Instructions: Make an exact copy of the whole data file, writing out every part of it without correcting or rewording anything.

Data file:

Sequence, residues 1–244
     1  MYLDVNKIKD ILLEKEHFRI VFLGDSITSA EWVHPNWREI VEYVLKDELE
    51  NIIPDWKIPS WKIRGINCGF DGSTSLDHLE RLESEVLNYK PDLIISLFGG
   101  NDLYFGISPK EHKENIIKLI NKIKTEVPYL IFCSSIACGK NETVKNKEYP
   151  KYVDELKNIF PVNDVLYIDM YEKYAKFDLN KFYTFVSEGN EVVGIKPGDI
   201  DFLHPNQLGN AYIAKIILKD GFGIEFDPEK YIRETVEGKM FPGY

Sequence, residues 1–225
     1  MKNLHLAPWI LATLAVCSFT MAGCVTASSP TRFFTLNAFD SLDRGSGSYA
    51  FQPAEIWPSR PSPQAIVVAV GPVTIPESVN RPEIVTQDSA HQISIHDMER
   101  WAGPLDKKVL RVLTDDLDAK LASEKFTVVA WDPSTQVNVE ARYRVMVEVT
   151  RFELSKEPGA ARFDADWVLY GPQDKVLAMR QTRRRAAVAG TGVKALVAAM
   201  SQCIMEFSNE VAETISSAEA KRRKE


Sequence, residues 1–244
     1  MYLDVNKIKD ILLEKEHFRI VFLGDSITSA EWVHPNWREI VEYVLKDELE
    51  NIIPDWKIPS WKIRGINCGF DGSTSLDHLE RLESEVLNYK PDLIISLFGG
   101  NDLYFGISPK EHKENIIKLI NKIKTEVPYL IFCSSIACGK NETVKNKEYP
   151  KYVDELKNIF PVNDVLYIDM YEKYAKFDLN KFYTFVSEGN EVVGIKPGDI
   201  DFLHPNQLGN AYIAKIILKD GFGIEFDPEK YIRETVEGKM FPGY

Sequence, residues 1–225
     1  MKNLHLAPWI LATLAVCSFT MAGCVTASSP TRFFTLNAFD SLDRGSGSYA
    51  FQPAEIWPSR PSPQAIVVAV GPVTIPESVN RPEIVTQDSA HQISIHDMER
   101  WAGPLDKKVL RVLTDDLDAK LASEKFTVVA WDPSTQVNVE ARYRVMVEVT
   151  RFELSKEPGA ARFDADWVLY GPQDKVLAMR QTRRRAAVAG TGVKALVAAM
   201  SQCIMEFSNE VAETISSAEA KRRKE